'Nothing to it,'' said House Speaker J. Dennis Hastert, asked about his $2 million windfall from selling land near his Plano home, a few miles from the proposed Prairie Parkway he has championed.
That transaction -- reported last week in the Sun-Times, Tribune, Beacon News and on the Web site of a new political watchdog group -- was a front page story in the Thursday Washington Post, headlined, "Lawmakers' Profits Are Scrutinized."
It's unusual heat for Hastert.
Hastert is walking and talking in the Capitol, not stopping as he takes a few questions. At issue is whether land values in Kendall County became more valuable because of the Prairie Parkway.
"There is no substance to it. I've been working on the Prairie Parkway probably for a good 18 years. That's a matter of record, it is not built. Nothing to it," he said.
Hastert is in the spotlight in part because he used what's called in Washington an "earmark'' to secure $207 million in federal funding for the proposed road.
The money was in a massive transportation bill signed by President Bush last year at a ceremony in Hastert's home Kendall County.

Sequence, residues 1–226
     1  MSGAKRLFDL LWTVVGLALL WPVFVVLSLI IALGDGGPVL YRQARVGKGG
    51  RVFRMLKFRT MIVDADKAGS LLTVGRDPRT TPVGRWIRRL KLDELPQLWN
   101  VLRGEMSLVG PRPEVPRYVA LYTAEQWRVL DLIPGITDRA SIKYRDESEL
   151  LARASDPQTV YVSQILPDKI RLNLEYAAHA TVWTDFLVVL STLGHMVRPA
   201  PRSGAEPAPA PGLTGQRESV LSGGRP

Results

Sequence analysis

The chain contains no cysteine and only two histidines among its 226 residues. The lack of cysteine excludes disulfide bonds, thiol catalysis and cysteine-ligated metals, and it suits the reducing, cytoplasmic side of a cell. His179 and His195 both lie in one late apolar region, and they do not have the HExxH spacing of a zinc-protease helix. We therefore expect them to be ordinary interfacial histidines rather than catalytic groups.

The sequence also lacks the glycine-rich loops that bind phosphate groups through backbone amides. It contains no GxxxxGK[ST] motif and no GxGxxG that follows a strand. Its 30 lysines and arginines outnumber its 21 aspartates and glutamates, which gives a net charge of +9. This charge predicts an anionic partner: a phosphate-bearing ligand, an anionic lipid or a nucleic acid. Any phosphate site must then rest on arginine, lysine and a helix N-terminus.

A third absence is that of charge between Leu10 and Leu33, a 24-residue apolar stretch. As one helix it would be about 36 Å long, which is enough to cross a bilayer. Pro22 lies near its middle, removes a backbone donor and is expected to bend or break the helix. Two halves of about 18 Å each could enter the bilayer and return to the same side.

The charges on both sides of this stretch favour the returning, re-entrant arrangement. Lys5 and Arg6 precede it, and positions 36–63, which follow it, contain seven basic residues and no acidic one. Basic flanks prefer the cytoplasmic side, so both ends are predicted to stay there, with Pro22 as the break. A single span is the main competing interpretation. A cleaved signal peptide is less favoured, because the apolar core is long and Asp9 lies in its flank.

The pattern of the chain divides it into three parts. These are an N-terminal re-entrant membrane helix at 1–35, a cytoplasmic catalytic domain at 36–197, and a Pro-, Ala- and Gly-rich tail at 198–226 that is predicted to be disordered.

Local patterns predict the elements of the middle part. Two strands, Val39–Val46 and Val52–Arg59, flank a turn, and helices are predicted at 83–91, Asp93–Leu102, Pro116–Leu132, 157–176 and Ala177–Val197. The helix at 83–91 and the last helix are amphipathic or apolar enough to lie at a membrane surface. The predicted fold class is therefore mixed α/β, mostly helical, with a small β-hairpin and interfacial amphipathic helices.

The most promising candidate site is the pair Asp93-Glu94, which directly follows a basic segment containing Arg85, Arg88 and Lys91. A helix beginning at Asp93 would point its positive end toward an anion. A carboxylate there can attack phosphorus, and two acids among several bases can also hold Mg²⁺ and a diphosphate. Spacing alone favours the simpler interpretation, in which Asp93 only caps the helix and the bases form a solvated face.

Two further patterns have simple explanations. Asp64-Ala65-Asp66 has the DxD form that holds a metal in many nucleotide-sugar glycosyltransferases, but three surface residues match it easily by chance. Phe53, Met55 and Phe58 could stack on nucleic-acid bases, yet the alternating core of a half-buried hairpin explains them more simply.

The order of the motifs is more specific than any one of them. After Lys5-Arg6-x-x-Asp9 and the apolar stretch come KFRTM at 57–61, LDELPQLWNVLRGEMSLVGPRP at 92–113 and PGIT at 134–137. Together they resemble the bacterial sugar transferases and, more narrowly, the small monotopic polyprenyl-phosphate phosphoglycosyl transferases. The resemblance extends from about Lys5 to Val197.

Earmarks are specific projects written into legislation at the last minute, bypassing the committee process, inserted anonymously into bills.
Congress is considering changing the rules regarding earmarks, on economic and ethical grounds.
The earmarking process is controversial for several reasons: on the budget side because the burgeoning use of earmarks is driving up the cost of government.
On the ethics side, earmarks -- and the ability of some powerful lawmakers to virtually write projects into law -- are at the center of the investigation of convicted GOP lobbyist Jack Abramoff.
Hastert, however, has never made a secret of his sponsorship for the Prairie Parkway, the subject of much local debate as Kendall Country wrestles with explosive development.
This earmark was not as sneaky as some because Hastert telegraphed his punch. It was included in a proposed list of Illinois projects in a document put together by former Rep. William Lipinski (D-Ill.) on Jan. 24, 2003.
At a GOP fund-raiser Monday, Hastert blasted what he called the "unrelenting Democratic media.''
He seems irritated at accusations of personal profit from the "Hastert Highway" and why he did not specifically describe the transactions on his disclosure statement, as required by the House Ethics Manual.
"I listed it the way the disclosure said I should list it, exactly," he said.
Lynn Sweet is the Washington bureau chief for the Chicago Sun-Times.